Antarctica Meltdown

Published by: Roman Rambles

All told, Antarctica’s glaciers are the size of the United States and Mexico combined, and they contain enough water to raise the world’s sea level by 180 feet. And although no humans live permanently in Antarctica, what happens there impacts everyone, said Aradhna Tripati, a geochemist at UCLA’s Institute of the Environment and Sustainability who collaborated  research.

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Madagascar Fire

Published by: Roman Rambles

Scientists from MIT and the University of Massachusetts at Amherst have found that a widespread and permanent loss of forests in Madagascar that occurred 1,000 years ago was due not to climate change or any natural disaster, but to human settlers who set fire to the forests to make way for grazing cattle.

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Golden Eagle on Watch

Published By: Justyn’s Jottings

“Katzner, a research wildlife biologist for the U.S. Geological Survey (USGS), and Kaltenecker, executive director of Boise State University’s Intermountain Bird Observatory, have teamed up with the Idaho Department of Fish and Game to create a series of motion-sensitive camera traps to monitor golden eagle migration and distribution in southwest Idaho.”

“Katzner has published a couple of scientific papers to fit his data into a larger context. “We are looking at the timing of arrival of specific species, and the links to migration, hunger and the amount of food available,” he said. “We also get some amazing natural history stories that contribute to our understanding of the biology of these species.”

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Bird Decline Shows More About Climate Change

By: Justyn’s Jottings


“Scientists have long known that birds are feeling the heat due to climate change. However, a new study of a dozen affected species in the Western Cape suggests their decline is more complex than previously thought — and in some cases more serious.”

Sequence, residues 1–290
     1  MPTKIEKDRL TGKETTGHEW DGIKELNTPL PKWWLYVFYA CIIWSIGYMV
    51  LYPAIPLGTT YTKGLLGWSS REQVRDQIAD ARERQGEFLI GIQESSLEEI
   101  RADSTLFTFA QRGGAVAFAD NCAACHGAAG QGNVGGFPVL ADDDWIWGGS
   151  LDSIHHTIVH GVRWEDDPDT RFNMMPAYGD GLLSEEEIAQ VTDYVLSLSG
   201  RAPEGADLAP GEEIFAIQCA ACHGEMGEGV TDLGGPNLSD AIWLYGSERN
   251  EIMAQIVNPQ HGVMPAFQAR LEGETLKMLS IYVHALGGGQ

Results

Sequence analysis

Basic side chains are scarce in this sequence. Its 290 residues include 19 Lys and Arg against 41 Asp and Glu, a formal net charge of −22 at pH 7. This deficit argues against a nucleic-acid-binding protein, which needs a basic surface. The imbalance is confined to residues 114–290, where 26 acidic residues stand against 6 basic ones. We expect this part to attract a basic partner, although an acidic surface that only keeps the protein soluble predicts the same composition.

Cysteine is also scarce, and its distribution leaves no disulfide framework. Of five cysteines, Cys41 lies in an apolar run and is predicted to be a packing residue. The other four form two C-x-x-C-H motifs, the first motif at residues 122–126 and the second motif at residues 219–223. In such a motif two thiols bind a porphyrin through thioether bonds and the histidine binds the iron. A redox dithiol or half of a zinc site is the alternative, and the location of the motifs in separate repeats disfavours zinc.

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Endangered Northern Spotted Owl

By: Justyn’s Jottings

“Northern spotted owl populations are declining in all parts of their range in the Pacific Northwest, according to research published in The Condor. Based on data from 11 study areas across Washington, Oregon and northern California, a rangewide decline of nearly 4 percent per year was estimated from 1985 to 2013.

Researchers found evidence that the invasive barred owl is playing a pivotal role in the continued decline of spotted owls, although habitat loss and climate variation were also important in some parts of the species range. Barred owls compete with spotted owls for space, food and habitat.”

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El Nino 2015 vs. 1997

Published by: Roman Rambles

“If you live anywhere El Niño has important impacts, you’ve heard forecasters say this year’s event looks just like the monster El Niño of 1997-98. NASA satellite images of the Pacific Ocean in November 1997 and November 2015 show almost identical, large pools of warm water in the eastern equatorial Pacific. The National Weather Service has forecast that impacts this winter will resemble those in 1997, when California and the South suffered floods, mudslides and tornadoes, while residents of the Upper Midwest saved $2 billion to $7 billion in heating costs throughout their unusually warm winter.”

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Global Warming v. Polar Bears

Published by: Justyn’s Jottings and Roman Rambles

It is found a “high probability” that the planet’s 26,000 polar bears will suffer a 30% decline in population by 2050 due to the loss of their habitat, which is disappearing at a faster rate than predicted by climate models.

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